On Thursday, the coveted "C block" of the FCC's 700 MHz auction saw its high bid rise to $4.7 million, passing the reserve price of $4.6 million set by the FCC. This is critical because the FCC has set the restriction on the C block that any licensees must "allow consumers to use the handset of their choice and download and use the applications of their choice in this spectrum block."
However, that stipulation, which Google pressured the FCC to put in place, would only go into effect if the reserve price of the auction was met. Otherwise, the stipulation would be removed — as current wireless giants in the United States requested — and then the U.S. carriers would have the opportunity to purchase the C block and turn it into a walled garden.
The C block is the jewel of the 700 MHz auction, because it will offer its winner the opportunity to build a nationwide U.S. network for wireless broadband Internet. That new network, which is being auctioned as a result of U.S. television stations moving off of it and converting to digital signals in February 2009, could serve as a disruptive influence for both the Cable/DSL industry and the future of the cell phone, as I explained in The 700 MHz auction will tip the wireless balance, but in which direction?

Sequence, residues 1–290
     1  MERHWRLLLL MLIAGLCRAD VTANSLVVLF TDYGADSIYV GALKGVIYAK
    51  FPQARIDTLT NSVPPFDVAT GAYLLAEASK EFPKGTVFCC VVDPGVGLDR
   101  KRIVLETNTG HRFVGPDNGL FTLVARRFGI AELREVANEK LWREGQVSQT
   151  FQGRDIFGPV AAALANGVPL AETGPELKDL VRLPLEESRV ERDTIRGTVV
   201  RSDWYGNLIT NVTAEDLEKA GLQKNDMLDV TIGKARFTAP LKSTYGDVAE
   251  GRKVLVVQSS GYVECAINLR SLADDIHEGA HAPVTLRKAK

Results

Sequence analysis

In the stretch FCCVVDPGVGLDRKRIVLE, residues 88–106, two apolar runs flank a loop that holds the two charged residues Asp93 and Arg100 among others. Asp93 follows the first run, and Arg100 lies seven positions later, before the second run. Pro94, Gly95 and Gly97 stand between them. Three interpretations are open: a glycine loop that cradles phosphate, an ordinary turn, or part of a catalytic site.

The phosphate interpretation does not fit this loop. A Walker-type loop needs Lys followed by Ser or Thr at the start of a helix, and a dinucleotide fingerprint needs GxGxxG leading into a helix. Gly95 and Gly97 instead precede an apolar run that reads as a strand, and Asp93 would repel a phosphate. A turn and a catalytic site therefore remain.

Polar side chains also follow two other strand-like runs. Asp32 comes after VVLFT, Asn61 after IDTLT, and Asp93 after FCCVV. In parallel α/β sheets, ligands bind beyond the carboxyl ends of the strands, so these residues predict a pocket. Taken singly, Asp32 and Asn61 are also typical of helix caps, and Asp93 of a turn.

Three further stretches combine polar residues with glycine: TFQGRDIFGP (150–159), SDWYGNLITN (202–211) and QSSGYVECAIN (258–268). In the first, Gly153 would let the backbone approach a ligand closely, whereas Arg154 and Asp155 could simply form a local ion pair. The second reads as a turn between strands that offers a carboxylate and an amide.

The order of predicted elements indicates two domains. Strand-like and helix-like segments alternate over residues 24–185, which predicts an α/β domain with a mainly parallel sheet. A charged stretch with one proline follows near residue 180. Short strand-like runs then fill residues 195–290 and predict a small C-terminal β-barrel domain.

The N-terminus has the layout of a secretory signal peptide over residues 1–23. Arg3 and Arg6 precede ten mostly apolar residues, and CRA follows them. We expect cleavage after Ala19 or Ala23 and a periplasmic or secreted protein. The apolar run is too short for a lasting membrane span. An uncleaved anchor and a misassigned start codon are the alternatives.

Since the $4.6 million barrier has been eclipsed, it is likely that multiple bidders are vying with each other, but we won't know the identity of the winner until the auction closes later in February, and additional bids could still drive the price even higher. The three highest bidders are expected to be Google, Verizon Wireless, and AT&T Wireless, but there are also a handful of other deep-pocketed entities involved in the auction who could be making a run at the C block.
There has been speculation that Google plans to merely make a few token bids to make sure the reserve price is met. Of course, others think Google is ready to become a wireless ISP. We won't know Google's true intentions for several more weeks, but it does appear that Google's dream of an open wireless Internet platform for mobile devices will come true.
Jason Hiner has nothing to disclose. He doesn't hold investments in the technology companies he covers.
Jason Hiner is Global Editor in Chief of TechRepublic and Global Long Form Editor of ZDNet. He writes about how technology is changing the way we live and work in the 21st century. He's co-author of the book, Follow the Geeks.